Child care crunch

Rising cost of child care impacting parents, says GBC Parent Association founder

The cost of child care is something working parents shudder to see. Or for that matter, college students with children.

A recent report by the Canadian Centre for Policy Alternatives (CCPA) details just how challenging the cost of child care has become in some Canadian cities. Overall, fees have increased faster than inflation in 71 per cent of the country’s 28 biggest cities since last year. 

But no place has been hit harder than Toronto, which ranks the highest in the country in all age groups according the report. Over the past three years, rates for preschoolers (2.5 to 4 years in Ontario) have climbed faster in Toronto than anywhere else in the country to a median of $1,212 a month, or $14,544 annually. For infants, median child care costs $1,758 per month, ten-times more expensive than the same age group in Montreal, which costs $168 a month.  

CCPA senior economist David Macdonald said that the difference in affordability between cities like Toronto and Montreal is whether the market or government sets the rates of child care.  

“What makes fees a lot more affordable is if the province sets the fees and makes up the difference to providers through direct operational support,” Macdonald said. “That’s going to be the case in Manitoba, Quebec, and Prince Edward Island.” 

Macdonald also said that it’s tough for folks in Toronto to find affordable child care, and that most of the market cities have had their fees rising much faster than inflation.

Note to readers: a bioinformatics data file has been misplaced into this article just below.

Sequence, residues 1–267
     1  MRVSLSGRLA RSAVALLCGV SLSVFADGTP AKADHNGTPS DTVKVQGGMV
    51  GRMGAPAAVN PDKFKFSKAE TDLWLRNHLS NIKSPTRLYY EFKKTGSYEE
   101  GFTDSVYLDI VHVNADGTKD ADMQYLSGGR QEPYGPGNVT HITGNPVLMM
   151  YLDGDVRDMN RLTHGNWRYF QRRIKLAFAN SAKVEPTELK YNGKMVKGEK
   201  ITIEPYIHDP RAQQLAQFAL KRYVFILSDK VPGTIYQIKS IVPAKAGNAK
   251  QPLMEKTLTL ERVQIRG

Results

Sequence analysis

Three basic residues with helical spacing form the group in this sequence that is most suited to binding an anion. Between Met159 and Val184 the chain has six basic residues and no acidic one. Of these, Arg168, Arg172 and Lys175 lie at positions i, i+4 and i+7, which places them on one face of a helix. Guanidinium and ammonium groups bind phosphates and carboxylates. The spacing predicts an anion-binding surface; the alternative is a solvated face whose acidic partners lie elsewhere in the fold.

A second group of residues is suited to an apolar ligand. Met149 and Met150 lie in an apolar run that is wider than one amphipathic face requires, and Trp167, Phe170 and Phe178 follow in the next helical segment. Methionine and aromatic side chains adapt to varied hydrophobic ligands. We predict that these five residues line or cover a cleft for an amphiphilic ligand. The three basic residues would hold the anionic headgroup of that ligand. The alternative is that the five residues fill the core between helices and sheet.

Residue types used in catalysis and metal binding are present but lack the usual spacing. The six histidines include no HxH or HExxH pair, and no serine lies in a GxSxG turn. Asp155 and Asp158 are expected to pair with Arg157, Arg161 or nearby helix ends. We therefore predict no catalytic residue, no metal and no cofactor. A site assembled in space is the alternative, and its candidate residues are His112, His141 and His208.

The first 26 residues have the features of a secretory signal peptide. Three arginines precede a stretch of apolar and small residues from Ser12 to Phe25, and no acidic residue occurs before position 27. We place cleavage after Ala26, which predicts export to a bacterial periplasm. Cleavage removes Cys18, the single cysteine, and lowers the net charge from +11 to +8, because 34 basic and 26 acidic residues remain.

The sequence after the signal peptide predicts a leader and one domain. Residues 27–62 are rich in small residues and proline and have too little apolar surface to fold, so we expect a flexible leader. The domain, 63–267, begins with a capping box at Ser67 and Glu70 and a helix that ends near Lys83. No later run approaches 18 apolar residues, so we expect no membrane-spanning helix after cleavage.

For Shana Kealey, who founded the GBC (George Brown) Parent Association, the challenges of finding and child care can mean changing life plans.

“I can’t tell you the amount of inner suburb mothers that, be it a single mother, or a mother in a family unit that foregoes their plans because it’s just not financially viable for them to get a job or to go to school,” she said. “People actually are forced into the decision of staying home to do child care.”

Another obstacle for students searching for child care options is simply availability. According to a 2016 City of Toronto study on child care affordability and demand, the supply of licensed child care spaces was short by 7,316 in 2015.    

George Brown College operates 12 child care across the city, including one at the Casa Loma campus. But spaces are limited.

For Kealey, the purpose of the GBC Parent Association was to raise awareness of the issues facing parents. But she said that a more structured system of child care is required to make changes.

“We don’t really have a system right now. We have a patchwork scenario from city to city, rural to urban, it’s all very different,” Kealey said. 


Child care crunch